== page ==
November 20, 2007

Using Email in Dispute Resolution

Although the use of email by ombuds remains limited because of confidentiality concerns, disputants continue to rely on email to discuss their concerns. Ombuds therefore should coach their visitors to use email more effectively. David A. Hoffman, a mediator, arbitrator and collaborative law attorney, provides some guidelines for using email and for overcoming the inherent problem of misinterpretation that can derail negotiations. He observes that "in a medium such as email in which there is such a narrow bandwidth for emotion to be expressed, communication of positive emotion must be intentional and robust in order to be unambiguous." He offers these examples of positive elements for an email:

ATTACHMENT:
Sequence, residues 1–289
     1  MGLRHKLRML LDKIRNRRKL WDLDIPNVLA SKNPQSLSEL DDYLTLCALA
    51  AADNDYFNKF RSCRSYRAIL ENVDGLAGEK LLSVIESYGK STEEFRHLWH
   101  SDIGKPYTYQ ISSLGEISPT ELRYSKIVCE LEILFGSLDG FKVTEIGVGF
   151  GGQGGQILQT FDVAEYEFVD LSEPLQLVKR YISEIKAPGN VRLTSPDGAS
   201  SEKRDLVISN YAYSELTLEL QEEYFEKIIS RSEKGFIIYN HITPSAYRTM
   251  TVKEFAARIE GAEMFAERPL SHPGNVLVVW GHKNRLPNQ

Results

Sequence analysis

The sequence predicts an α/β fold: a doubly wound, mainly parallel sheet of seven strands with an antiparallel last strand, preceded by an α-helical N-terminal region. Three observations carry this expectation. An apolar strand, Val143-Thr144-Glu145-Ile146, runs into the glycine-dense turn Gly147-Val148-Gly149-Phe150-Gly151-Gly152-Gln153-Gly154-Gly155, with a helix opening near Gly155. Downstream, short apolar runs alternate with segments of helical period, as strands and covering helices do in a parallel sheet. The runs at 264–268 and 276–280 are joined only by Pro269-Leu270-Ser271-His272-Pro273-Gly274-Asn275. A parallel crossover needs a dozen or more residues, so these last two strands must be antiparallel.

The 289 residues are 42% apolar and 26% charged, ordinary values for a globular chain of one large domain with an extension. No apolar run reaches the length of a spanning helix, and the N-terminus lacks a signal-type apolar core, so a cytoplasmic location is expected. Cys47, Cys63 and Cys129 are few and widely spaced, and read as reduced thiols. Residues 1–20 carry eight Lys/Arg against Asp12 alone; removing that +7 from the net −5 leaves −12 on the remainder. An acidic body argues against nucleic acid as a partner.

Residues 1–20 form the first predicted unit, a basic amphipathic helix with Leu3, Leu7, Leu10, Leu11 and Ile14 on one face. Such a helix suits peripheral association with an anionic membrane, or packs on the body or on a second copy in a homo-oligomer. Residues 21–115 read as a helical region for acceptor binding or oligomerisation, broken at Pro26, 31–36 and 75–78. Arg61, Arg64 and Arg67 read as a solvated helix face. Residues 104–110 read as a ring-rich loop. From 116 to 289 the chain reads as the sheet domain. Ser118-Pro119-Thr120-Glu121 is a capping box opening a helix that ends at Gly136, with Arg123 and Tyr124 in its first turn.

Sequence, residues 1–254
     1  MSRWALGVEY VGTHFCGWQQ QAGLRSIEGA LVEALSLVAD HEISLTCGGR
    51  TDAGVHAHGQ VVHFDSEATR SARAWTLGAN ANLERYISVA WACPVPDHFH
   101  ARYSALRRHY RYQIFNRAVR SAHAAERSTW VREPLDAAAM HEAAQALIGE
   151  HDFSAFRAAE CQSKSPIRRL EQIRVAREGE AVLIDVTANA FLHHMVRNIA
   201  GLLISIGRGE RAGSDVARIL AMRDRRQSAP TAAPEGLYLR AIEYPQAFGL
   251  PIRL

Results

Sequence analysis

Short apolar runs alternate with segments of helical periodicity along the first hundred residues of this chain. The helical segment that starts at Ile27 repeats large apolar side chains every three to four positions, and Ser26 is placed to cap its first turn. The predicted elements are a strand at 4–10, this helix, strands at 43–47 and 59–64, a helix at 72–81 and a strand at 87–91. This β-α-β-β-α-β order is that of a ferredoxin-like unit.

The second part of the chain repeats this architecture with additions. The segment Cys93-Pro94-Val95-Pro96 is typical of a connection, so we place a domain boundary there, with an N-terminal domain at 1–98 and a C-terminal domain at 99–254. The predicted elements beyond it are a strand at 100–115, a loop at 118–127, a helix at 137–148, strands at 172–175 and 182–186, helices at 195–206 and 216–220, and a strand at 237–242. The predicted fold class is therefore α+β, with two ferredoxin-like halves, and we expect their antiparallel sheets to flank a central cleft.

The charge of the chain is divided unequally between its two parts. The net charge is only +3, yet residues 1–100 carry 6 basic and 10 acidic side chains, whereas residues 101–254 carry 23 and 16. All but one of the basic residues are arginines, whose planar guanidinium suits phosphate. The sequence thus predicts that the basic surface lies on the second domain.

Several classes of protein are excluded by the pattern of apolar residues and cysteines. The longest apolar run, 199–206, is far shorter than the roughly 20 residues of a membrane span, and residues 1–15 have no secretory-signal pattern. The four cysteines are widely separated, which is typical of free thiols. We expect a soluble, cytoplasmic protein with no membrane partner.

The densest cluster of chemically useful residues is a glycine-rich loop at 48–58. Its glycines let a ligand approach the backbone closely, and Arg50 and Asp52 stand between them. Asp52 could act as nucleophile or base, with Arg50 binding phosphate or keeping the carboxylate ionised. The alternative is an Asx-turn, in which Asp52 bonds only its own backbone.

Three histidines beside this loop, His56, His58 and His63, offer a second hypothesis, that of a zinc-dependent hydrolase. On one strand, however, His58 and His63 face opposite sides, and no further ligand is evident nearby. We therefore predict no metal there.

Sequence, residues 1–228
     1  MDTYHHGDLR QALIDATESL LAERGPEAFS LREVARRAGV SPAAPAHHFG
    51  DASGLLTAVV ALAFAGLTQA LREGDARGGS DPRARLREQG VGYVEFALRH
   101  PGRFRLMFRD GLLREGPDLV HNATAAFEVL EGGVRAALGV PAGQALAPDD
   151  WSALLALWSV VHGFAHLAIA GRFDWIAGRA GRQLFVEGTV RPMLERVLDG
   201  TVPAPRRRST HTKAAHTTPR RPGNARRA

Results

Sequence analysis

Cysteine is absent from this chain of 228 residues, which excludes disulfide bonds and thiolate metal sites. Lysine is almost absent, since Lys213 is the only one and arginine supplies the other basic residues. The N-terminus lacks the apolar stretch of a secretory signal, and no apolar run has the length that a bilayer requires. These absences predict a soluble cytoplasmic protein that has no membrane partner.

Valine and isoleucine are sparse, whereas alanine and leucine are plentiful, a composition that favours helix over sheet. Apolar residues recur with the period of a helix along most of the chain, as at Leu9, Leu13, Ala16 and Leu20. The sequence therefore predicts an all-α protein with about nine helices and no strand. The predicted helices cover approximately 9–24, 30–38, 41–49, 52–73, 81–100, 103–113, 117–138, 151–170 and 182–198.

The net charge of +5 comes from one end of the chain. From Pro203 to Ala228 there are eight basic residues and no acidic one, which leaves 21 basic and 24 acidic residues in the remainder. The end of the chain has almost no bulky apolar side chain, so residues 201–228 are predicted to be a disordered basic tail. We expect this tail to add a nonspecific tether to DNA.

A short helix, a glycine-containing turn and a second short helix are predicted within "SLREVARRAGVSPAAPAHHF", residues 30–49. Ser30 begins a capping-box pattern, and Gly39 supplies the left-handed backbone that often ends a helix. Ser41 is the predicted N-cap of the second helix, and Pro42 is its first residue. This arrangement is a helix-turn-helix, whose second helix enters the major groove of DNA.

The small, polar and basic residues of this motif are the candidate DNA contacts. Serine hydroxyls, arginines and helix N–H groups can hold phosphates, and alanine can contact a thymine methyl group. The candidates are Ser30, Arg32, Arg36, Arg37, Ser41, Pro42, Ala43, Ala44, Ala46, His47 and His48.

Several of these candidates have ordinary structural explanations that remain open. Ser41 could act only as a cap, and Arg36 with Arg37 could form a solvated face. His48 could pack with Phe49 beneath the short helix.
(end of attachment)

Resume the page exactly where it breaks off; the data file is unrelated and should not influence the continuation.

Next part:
• Personal salutation – using the other person's name is a signal of respect;
  • Appreciation – a sincere "thank you" is always welcome;
  • Taking the recipient’s prior message seriously;
  • Openness – such as a request for discussion;
  • Acknowledgment - "I know you’re busy";
  • Flexibility – "please call when you have a chance";
  • Validation of the parties’ endeavor and common commitment;
  • Optimism – "looking forward to talking to you"; and
  • Personalisation – signing one’s name rather than just ending the message with a signature block.
"Because email is such a new medium," Hoffman says, "the techniques for successful communication via computer may be less intuitive and require more conscious attention." (

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